Earthquakes rattling Wellington this week are no indication that a deadly Christchurch-scale disaster is set to hit the capital in the near future, a seismologist says.
Many Wellingtonians were shaken from their sleep early this morning when a magnitude 4.7 quake struck at 2.19am. It was centred 10km northeast of Upper Hutt, at a depth of 30km. Police said there were no reports of damage.
Another earthquake measuring 3.7 on the Richter scale and centred 10km north of Upper Hutt struck 30km deep at 12.55pm, GNS Science reported.
Today's earthquakes followed a magnitude 4.5 quake on Tuesday.
GNS Science duty seismologist John Ristau said there was no connection between the Wellington quakes and the recent flurry of seismic activity in Christchurch.
"They really have nothing to do with what's going on in Christchurch, these couple of earthquakes here in Wellington.
They're really nothing unusual," he said.
Dr Ristau said Wellington could expect three or four quakes of a similar magnitude and depth every year.
"It's just a bit of a coincidence, I guess, that we had two in the last few days, and that they happened a week after the 6.3 in Canterbury," he said.
"It's not to say that an event like that couldn't happen in Wellington - in fact one day it will. But these couple of earthquakes that we've had in Wellington, they're not any indication that there's anything bigger coming for Wellington in the near future."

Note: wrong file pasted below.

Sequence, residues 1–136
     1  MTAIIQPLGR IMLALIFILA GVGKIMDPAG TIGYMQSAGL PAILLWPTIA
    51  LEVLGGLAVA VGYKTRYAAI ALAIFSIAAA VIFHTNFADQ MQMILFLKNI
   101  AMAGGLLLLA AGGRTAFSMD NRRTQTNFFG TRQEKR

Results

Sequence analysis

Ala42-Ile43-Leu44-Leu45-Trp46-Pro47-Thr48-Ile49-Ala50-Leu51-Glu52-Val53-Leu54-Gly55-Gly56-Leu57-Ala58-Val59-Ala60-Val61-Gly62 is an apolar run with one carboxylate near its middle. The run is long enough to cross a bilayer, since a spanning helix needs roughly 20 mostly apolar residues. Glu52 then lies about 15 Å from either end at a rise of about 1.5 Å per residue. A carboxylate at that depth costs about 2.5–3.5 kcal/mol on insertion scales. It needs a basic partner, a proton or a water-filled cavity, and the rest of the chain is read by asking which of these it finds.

Dr Ristau said that Wellington was generally "much more seismically active than the Canterbury region", due to several major faults, most notably the Wellington fault.
"Beneath Wellington you have the Pacific tectonic plate that's pushing beneath the Australian tectonic plate, which the North Island is sitting on. And both these earthquakes happened inside of the Pacific plate, as it's pushing down beneath Wellington.
"The tectonic situation for what's going on in Canterbury is completely different."
However, that did not mean Wellingtonians could be complacent.
"One day there will be a Canterbury-size earthquake in Wellington, or even bigger than that."
Dr Risatu said it was impossible to predict when the next big one would strike the capital.
"All we can do is basically look through the past historical and geological record. We know that the faults exist, we know that the earthquakes do happen, and we can figure out on average how often they happen and when the last one was. But that's about the best we can do."
A major earthquake was expected once every 700 years, and Wellington was about halfway through that cycle, he said.
This morning's quake comes after Wellington City Council yesterday released a list of 808 potentially earthquake prone buildings spread across 217 of the capital's streets.
The list shows street names and numbers, but buildings are not named.